Want to Sell Your Home or Apartment Faster? Get an Environmental Inspection
Since the onset of the coronavirus pandemic, the way we think about things has changed – even when it comes to real estate. Buyers are much more health conscious and want to be sure that their prospective new homes don’t harbor toxins that can lead to health issues. That’s why it’s so important to have an environmental home inspection prior to sale. The presence of mold, asbestos, poor indoor air quality, polluted water, volatile organic compounds (VOCs), radon, and lead can all become deal breakers.
Many savvy realtors are recommending investing in environmental testing services sooner rather than later. For sellers, if you identify issues before putting a property on the market, it can help you to sell your home faster and avoid costly rush charges to have last-minute issues fixed before the closing. For buyers, unhealthy conditions in a home or apartment can make or break a deal, and they may opt for their own environmental testing anyway. If you already have a report stating a clean bill of health, you’re ahead of the game in a very competitive market.
Your Home’s Age Doesn’t Matter
It’s not just older homes that have problems; newer ones do, too. While older homes are more likely to contain lead and asbestos, especially NYC apartments, newer homes often suffer from poor indoor air quality. Recent constructions are built to be airtight to conserve energy, trapping air that contains mold, VOCs, chemicals, and other toxins that can cause health issues.
Because most home inspectors lack the knowledge and certifications necessary to test for potentially toxic substances, you should schedule an environmental inspection with a certified independent testing company before putting your house or apartment on the market or putting down a deposit.
What should you check for? Many realtors suggest these as a starting point:
Mold can be found virtually anywhere in a home—in walls, floors and ceilings, under a sink, and even beneath carpeting. Mold can be present wherever water or moisture has seeped into a home—around windows, roofs, leaky pipes, or basements that may have flooded and not properly dried or have cracks in the foundation.
Exposure to mold can cause or worsen health issues like allergies and asthma, and can exacerbate more serious respiratory illnesses like COVID-19. Typically, home inspectors will look for visible signs of mold, but unless they see it or smell a musty odor, they won’t know a potential problem exists.
The time of year counts too. If you are selling a dwelling during the winter, mold may be dormant. But as soon as heat and humidity come into play, mold becomes active and you could have a full-blown mold infestation. Finding mold before a buyer does will save you time and headaches later.
Indoor Air Quality
Indoor air quality (IAQ) has become a major consideration when buying a home. According to the EPA, our indoor environment is two to five times more toxic than our outdoor environment, and in some cases, the air indoors is 100 times more polluted than outdoors, especially in larger cities like New York. In new construction, many of the materials used contain alarmingly high levels of harmful formaldehyde and other toxic VOCs.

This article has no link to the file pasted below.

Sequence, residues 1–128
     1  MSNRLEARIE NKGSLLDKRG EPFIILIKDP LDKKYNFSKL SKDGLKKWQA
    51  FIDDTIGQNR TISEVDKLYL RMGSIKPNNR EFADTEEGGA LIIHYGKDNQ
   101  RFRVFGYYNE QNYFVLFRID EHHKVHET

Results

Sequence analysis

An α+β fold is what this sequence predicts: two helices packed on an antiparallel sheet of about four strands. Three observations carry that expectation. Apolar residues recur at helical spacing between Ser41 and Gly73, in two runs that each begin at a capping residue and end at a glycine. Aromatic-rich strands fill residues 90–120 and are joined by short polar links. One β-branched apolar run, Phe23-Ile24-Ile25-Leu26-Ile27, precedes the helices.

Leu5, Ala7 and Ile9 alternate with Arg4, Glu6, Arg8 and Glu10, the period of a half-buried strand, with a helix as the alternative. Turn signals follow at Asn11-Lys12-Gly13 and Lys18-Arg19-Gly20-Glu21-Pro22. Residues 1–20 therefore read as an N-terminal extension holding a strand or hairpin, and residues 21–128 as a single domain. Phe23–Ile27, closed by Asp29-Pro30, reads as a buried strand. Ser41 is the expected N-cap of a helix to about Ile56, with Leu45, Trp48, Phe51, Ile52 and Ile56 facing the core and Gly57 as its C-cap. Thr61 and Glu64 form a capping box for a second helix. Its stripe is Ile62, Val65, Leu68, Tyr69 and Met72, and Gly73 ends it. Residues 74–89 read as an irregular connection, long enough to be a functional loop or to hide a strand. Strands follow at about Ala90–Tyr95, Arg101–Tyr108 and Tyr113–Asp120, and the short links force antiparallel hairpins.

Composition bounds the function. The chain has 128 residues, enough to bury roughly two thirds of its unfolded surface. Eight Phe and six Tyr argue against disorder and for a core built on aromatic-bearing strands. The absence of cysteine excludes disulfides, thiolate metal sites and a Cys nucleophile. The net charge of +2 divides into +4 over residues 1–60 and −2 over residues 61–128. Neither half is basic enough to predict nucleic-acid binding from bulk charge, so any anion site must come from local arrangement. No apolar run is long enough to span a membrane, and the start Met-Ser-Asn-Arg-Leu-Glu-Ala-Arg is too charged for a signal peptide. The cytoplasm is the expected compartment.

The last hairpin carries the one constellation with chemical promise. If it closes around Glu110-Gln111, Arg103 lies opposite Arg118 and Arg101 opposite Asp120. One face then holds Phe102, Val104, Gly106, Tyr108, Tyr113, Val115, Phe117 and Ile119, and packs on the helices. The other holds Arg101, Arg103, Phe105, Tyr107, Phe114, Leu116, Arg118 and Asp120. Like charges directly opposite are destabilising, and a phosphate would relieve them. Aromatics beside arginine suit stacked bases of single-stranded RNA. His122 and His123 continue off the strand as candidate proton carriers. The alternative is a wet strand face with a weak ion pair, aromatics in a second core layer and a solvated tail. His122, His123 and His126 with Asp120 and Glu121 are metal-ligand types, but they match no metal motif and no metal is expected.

Exposure to even a few asbestos fibers can cause cancer and respiratory problems. Over the years, asbestos was used in roofing materials, flooring, pipe insulation, ceiling tiles, wallboard, and hundreds of other building supplies. It may never present a problem if material is in good condition. But, when asbestos is disturbed, you risk releasing its fibrous particles into the air. If a homebuyer or home inspector identifies any deteriorating suspect asbestos material or the buyer is planning any renovations, asbestos testing will be more than a mark on the home inspection list, so best to have it covered early.
Homes and apartments built before 1978 should be tested for lead paint, inside and out. Lead dust, which comes from deteriorating surfaces, is the most common cause of lead poisoning and is easily ingestible. Typically, the dust is created where there’s friction, such as windows and windowsills.
Pipes and faucets are also a source of lead in water. Soil can also have elevations of lead from a home’s deteriorating external painted surfaces. Exposure to lead can cause irreversible neurological damage. With buyers more aware of the risk of lead poisoning today, you want to be sure that you have removed the problem.
Radon is a dangerous, naturally occurring radioactive gas responsible for over 21,000 lung cancer deaths each year, according to the EPA. You can’t see or smell radon; the only way to detect it is with proper sampling techniques. It is very prevalent in the northeast, where it is estimated that one out of every five homes have elevated levels of radon.
A comprehensive analysis of the home’s drinking water is important. A basic home inspection will tell you if your pump and faucets work, but it won’t analyze the water quality. Heavy metals in pipes, arsenic that naturally occurs in groundwater, radon that is naturally produced when uranium decays in soil and water, and pesticide contamination are just some of the things that can taint the water buyers will be drinking, bathing in, and using every day. This is especially important in New York City, where pipes and faucets may be older.
Make selling your home easier. Have a pre-sale environmental inspection. Not all environmental hazards are obvious. To detect them requires expertise, licensure, technology, and experience. If you would like more information on what types of environmental inspections may be right for you, please feel free to call us at 800.392.6468.